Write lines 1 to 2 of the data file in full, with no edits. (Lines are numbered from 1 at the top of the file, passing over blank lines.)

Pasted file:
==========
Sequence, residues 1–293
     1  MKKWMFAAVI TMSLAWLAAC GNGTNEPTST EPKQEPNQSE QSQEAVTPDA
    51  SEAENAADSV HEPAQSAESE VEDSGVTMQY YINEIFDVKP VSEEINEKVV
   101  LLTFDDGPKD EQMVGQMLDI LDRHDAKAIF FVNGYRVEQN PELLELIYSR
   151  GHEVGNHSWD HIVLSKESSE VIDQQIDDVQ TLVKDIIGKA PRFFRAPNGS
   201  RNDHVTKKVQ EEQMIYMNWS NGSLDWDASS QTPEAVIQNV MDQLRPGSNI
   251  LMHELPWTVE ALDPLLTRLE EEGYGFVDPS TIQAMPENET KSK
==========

Sequence, residues 1–293
     1  MKKWMFAAVI TMSLAWLAAC GNGTNEPTST EPKQEPNQSE QSQEAVTPDA